My favorite season

While I like to think every season is my favorite season, since they all have something special to recommend them, my actual favorite is autumn.  What’s not to love about crisp, cool days when every tree is full of jewels and the sunshine glints off each leaf in a dazzling way?  This year, especially, we had day after glorious, gorgeous day here in Wisconsin.  Fine walking weather, which the dog revels in, of course.  Even the odd gloomy, rainy day is lovely in the fall, with “Charlie Brown skies” (think of “It’s the Great Pumpkin” when Snoopy is traveling across fields in the twilight), and a delightful cozy quotient.  Time to settle in with a good book before the hubbub of the holidays begins. Mmmm, autumn!



I’ve written before of how I love to go down to the beach just south of Milwaukee in the summer, notebook in hand. This summer was no exception. Every trip there is an inspiration, and a meditation, of sorts. You can’t look at that view of unbroken horizon without taking a deep breath or two and putting your whole life in perspective.

Last weekend, I went to the beach even though it was raining–just a little. Under the tree the rain didn’t reach me, much, but I got to enjoy the sound of the drops, the smell of the rain as I tapped my pencil against my paper and thought. And, oh, so many gulls huddled together on the sand, like concertgoers awaiting the performance. At one point, they all rose as one into the sky, circled out over the water, and then they returned to their places on the sand. Amazing.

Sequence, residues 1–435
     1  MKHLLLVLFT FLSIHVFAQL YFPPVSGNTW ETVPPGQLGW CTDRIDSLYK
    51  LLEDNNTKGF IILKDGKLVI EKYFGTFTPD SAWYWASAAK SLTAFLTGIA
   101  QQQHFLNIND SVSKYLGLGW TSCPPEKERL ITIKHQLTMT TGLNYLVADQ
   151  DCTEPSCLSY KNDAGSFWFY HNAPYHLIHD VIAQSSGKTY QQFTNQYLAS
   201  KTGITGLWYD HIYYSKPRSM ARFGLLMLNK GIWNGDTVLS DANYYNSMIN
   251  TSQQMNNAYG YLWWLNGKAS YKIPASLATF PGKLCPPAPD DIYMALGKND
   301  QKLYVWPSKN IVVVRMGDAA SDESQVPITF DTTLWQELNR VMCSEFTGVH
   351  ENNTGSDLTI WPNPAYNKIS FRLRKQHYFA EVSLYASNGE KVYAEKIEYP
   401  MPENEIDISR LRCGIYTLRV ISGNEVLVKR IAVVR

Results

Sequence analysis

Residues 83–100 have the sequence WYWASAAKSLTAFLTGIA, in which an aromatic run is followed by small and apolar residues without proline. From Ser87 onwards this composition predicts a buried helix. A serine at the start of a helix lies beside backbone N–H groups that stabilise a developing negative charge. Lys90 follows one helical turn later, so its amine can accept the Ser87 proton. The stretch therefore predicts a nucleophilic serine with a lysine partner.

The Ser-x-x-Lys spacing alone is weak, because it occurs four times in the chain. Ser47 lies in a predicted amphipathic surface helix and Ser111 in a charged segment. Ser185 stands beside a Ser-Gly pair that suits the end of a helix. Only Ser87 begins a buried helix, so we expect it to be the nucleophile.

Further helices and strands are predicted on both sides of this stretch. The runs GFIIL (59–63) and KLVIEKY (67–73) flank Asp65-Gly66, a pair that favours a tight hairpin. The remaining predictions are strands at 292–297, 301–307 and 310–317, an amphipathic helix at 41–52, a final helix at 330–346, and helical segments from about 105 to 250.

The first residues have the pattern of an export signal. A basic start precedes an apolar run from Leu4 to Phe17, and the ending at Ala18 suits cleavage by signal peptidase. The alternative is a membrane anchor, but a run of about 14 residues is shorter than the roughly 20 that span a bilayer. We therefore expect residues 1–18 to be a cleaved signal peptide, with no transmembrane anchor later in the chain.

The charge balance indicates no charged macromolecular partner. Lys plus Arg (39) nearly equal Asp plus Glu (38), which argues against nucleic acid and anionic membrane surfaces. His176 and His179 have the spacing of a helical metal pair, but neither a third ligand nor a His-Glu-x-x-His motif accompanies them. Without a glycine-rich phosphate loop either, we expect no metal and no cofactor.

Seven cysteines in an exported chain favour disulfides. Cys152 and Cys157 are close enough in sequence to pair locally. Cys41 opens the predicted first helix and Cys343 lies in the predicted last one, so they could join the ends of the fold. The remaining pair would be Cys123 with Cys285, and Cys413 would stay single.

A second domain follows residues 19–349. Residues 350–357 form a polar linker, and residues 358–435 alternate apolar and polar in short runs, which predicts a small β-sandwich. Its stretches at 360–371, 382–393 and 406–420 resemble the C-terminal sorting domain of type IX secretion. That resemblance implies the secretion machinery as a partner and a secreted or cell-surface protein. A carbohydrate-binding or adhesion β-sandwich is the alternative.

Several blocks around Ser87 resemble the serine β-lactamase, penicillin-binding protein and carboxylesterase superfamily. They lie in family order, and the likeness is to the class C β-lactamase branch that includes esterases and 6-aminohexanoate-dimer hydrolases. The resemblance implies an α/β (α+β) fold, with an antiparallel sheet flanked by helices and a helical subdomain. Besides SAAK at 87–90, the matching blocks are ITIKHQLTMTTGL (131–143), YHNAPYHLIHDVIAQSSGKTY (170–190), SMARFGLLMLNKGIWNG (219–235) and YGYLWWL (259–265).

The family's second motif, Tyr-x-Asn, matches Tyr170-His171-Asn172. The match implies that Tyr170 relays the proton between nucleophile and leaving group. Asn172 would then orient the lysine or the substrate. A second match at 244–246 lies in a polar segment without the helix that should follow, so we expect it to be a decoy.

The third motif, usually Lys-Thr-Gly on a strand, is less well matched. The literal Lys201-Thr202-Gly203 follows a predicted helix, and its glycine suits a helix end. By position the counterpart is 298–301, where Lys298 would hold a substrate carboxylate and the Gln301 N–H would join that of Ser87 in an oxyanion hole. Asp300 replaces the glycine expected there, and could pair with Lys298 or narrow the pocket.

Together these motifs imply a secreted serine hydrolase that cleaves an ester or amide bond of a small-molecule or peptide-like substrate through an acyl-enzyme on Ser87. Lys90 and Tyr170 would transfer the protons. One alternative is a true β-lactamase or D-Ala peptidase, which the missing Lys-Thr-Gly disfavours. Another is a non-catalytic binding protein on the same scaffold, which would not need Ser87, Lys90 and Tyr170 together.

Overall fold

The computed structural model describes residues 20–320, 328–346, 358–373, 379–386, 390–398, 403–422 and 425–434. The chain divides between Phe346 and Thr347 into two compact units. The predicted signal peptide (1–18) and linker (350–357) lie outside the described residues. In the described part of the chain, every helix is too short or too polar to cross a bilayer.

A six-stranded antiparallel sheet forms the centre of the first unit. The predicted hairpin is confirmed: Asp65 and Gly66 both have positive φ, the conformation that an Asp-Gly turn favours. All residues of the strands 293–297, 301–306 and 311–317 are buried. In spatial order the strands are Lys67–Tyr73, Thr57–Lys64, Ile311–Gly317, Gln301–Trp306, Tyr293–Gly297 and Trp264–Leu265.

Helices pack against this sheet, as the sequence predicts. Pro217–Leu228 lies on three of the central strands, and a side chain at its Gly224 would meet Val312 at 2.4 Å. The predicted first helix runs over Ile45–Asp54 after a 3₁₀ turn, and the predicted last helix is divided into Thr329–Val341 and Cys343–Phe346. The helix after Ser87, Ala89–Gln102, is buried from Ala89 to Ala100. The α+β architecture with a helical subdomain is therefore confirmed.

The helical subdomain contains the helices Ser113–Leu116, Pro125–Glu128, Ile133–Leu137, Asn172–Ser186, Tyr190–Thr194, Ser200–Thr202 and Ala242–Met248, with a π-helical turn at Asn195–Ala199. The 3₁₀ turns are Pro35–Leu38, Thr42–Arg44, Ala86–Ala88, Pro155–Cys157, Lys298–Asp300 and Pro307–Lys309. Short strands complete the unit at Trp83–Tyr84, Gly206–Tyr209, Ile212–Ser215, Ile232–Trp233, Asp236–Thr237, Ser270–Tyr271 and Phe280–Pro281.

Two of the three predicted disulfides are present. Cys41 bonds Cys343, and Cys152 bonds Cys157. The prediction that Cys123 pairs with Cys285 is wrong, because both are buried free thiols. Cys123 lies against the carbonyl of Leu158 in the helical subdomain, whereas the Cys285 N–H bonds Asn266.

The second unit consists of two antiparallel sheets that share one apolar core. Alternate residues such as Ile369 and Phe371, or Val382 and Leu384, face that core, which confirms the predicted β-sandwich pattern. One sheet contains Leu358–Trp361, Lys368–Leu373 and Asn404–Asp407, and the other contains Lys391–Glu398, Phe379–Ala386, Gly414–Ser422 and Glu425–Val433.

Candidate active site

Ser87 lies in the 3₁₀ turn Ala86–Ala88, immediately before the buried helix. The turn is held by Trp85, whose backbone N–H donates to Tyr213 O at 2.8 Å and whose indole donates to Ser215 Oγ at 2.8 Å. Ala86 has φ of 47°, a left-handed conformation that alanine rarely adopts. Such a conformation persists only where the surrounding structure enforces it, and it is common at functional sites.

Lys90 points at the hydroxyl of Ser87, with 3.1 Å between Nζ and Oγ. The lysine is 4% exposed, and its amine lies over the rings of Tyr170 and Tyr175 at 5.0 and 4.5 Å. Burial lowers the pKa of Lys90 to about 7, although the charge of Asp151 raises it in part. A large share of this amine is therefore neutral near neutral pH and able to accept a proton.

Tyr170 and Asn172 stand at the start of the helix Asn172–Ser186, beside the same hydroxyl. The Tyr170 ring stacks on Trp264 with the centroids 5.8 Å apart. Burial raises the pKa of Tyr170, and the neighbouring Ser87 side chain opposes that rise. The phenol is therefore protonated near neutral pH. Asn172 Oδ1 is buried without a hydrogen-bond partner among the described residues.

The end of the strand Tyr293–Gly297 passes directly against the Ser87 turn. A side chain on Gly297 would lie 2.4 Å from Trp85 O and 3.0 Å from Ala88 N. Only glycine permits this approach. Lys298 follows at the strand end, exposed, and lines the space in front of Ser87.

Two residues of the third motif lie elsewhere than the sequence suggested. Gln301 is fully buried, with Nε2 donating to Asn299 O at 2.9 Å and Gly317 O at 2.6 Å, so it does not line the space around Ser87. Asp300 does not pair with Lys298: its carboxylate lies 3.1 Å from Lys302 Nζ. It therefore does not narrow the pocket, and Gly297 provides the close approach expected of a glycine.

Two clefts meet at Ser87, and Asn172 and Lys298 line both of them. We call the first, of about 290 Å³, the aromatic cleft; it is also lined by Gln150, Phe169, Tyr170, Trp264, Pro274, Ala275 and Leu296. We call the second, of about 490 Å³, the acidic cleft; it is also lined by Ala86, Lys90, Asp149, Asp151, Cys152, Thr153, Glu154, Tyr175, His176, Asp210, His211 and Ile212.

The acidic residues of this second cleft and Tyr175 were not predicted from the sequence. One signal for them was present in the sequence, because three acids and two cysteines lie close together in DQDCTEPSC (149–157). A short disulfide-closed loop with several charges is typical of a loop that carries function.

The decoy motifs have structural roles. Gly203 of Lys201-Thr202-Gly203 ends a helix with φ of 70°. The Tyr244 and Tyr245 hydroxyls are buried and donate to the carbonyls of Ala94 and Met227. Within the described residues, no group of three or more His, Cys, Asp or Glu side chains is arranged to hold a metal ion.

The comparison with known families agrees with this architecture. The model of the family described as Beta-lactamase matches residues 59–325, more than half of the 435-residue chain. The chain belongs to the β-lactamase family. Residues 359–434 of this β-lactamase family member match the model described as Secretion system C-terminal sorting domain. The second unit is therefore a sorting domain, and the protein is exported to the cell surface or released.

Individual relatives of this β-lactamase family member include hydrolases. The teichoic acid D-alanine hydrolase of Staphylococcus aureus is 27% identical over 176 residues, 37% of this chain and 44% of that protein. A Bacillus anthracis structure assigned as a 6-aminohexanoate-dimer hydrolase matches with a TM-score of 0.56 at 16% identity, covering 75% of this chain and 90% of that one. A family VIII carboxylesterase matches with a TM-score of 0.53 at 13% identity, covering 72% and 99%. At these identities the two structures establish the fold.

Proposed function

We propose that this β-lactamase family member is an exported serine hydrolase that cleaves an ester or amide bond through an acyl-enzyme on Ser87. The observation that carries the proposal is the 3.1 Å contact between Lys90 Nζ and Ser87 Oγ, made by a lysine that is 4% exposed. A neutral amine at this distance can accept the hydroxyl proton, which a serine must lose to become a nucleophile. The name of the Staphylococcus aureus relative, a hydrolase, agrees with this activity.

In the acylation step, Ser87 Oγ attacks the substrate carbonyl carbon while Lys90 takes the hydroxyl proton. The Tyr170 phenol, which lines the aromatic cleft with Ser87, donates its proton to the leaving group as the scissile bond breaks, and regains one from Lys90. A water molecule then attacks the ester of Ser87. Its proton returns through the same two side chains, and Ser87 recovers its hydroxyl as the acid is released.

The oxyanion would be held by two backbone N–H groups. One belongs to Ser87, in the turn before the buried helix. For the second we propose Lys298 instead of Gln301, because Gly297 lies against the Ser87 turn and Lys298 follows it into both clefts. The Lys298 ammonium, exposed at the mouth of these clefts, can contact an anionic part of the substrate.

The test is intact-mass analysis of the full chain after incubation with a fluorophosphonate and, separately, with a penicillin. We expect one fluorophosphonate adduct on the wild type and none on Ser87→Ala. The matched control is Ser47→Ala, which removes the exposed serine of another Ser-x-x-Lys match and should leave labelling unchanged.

Eventually, the rain stopped, so I came out from under that tree and took the long walk out to the end of the pier, where the waves crash against the rocks below.

This pictures are from an earlier day, when the sun was shining and the whole world was full of Summer, and life was just another day at the beach.


My short story, “The Currency of Wishes” is up for inclusion in the “Wishful Thinking” edition of The M.O.  Please take a minute to check it out at the link below, and give me your vote.


Celebrating the release of the latest Guppy anthology! 22 mysteries by members of the Sisters in Crime Guppies chapter. My story is called “Bargaining Chip”.

When you’re a writer you get used to rejection.  (Well, you’d better, anyway!)

After years of submitting manuscripts, I’ve developed a nice thick skin and can read those words, “Dear Author,” without even cringing.  I make it a point to always have a back-up market in mind—the next place I’m going to send a story—so I can get the piece back in the game really quickly.

Still, there was one market I longed to crack.  One magazine I set my sights on as a Goal.  If only I could publish in Woman’s World magazine, I’d think every time I read a mini-mystery or a short romance.  The mysteries are always clever and real brain teasers, the romances tender explorations of the human heart.

Determined, I talked to my critique partner, Sharon, and resolved to write one romance a month aimed at that market.  We’d read and discuss it at our monthly meetings.  I’d give the story appropriate polishing and tweaking and then send it off.

That was in 1994.

For year after year, I’d write, meet, tweak, repeat, all without success.  Along the way, while Sharon wrote and sold seven children’s books, I wrote and sold four novels.

But still, Woman’s World eluded me.